from the deflated-hype-balloon dept
While unveiling its shiny new 5G-enabled iPhones back in October, Apple brought Verizon CEO Hans Vestberg to the stage to declare that Verizon had launched an updated, “nationwide” 5G network that shores up the company’s 5G coverage. Until now, Verizon has largely embraced “high band” or millimeter wave 5G, which provides amazing speeds if you’re near an antenna, but suffers from terrible range and building wall penetration issues. As a result, the company has been routinely criticized for comically overstating not only what 5G is capable of, but where 5G is available.
To attack this credibility problem, and drive some hype for the new iPhones, Verizon announced that it was dramatically expanding its 5G network to 200 million more people. To do so, Verizon announced it would be using “dynamic spectrum sharing” (DSS) that helps utilize some existing 4G channels to offer 5G.
Fast forward a few months, and the early reviews of Verizon’s DSS 5G improvements… aren’t so hot. PC Magazine took a closer look at Verizon’s latest upgrade and found that users in many cases would be better off just sticking to 4G:
“If you don’t have any dedicated channels, DSS lets you use the odds and ends of your unused 4G channels for 5G. The 4G and 5G phones compete for the same 4G channel. The only difference is that the 5G ones are running the 5G encoding system on that channel. There are non-speed advantages to DSS?or there will be in the future, once carriers go to standalone 5G systems?but right now, you’re just getting slower performance.
In our most recent tests, we found that DSS 5G is seriously holding back both iPhones and Android phones. We compared a OnePlus 8 using DSS 5G with a Samsung Galaxy S20 FE on 4G, and we then ran tests on an iPhone 12 Pro toggling between 5G and 4G at the same locations. In both cases, DSS 5G turned in worse results than 4G LTE.
Again, eventually 5G will provide faster, more resilient networks. But for right now all it’s creating is a lot of undeserved hype:
And that’s in select areas of New York City (read: best case scenario). Experts suggest that phones in DSS mode are handling carrier aggregation (combining different channels of spectrum) worse than phones in 4G-only mode, resulting in said experts advising that you actually turn 5G off on your shiny new iPhone if you want to improve overall performance. Again, this will improve in time as 5G becomes more fleshed out, but it’s another example of how 5G simply isn’t living up to the absurd hype consumers have been inundated by for the better part of the last three years.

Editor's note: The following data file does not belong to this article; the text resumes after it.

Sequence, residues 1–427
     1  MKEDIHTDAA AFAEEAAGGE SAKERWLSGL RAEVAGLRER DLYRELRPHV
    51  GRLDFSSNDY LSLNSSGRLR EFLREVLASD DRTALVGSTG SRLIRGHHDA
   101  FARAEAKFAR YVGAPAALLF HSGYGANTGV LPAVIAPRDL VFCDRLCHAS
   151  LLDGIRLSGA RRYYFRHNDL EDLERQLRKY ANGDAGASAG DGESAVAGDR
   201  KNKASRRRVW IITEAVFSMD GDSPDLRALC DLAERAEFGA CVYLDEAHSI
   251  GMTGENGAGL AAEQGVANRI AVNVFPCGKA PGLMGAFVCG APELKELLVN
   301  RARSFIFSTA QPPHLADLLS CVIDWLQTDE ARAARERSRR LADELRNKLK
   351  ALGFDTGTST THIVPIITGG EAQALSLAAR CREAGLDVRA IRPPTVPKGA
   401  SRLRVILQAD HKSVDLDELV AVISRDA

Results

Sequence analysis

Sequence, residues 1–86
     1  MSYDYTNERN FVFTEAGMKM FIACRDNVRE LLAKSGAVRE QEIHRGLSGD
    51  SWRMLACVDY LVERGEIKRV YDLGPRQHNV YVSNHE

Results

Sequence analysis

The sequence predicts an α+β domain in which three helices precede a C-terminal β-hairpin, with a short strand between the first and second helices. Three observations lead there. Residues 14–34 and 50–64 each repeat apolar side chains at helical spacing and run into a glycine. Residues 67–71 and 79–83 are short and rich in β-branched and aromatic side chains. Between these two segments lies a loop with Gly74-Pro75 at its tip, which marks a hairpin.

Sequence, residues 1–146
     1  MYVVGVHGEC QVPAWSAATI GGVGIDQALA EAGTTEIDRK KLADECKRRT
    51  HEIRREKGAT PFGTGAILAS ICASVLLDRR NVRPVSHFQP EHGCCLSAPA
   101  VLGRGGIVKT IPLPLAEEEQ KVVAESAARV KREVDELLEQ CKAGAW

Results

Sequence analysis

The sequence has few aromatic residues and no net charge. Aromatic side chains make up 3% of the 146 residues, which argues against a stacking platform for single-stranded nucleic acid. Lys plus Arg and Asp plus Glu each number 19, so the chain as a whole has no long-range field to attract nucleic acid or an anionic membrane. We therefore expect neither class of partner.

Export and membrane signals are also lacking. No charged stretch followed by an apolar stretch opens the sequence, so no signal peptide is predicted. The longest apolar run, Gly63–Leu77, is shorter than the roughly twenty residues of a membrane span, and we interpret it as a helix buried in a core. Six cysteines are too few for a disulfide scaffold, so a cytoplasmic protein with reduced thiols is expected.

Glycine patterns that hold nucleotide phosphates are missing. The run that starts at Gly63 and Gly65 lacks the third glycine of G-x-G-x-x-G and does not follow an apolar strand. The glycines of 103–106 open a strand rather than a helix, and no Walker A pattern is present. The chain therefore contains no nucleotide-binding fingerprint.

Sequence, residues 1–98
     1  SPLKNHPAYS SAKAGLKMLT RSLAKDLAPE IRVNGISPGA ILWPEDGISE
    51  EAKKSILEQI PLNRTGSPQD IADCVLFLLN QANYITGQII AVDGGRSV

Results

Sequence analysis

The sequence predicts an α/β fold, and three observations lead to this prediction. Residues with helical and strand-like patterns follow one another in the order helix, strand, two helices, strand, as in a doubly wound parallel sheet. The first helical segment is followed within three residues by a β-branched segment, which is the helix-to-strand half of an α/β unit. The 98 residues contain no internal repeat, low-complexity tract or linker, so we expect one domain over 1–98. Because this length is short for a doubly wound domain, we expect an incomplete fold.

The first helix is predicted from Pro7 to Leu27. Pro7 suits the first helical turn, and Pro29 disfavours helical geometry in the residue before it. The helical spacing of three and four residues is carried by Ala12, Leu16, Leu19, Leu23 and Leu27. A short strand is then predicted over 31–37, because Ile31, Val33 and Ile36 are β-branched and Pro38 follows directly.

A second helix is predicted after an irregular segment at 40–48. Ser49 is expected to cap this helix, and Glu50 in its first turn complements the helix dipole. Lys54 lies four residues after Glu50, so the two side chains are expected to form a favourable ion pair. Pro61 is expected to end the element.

If you only listen to wireless carriers, network hardware, or handset manufacturer PR departments, 5G is an incredible, revolutionary upgrade that changes everything, from cancer treatments to the smart cities of tomorrow. With smartphone innovation flailing and overall sales lagging, they were eager to drive mass upgrades by portraying 5G as something more substantive than it is. 5G is a dull but important evolution, but it’s not a revolution.
U.S. 5G in particular (even of the non DSS variety) continues to be far slower than a long list of overseas networks because we’ve done a poor job making mid-band spectrum available for public use and driving fiber to lower ROI areas (despite billions upon billions in subsidization). And numerous studies have found that current 5G is in some instances slower than 4G. In a few years as more mid-band spectrum is pushed to market this will steadily improve. But right now, consumers (correctly) don’t really see 5G as worth it, which is a major reason why Verizon had to back off plans to charge a $10 monthly premium just to access it.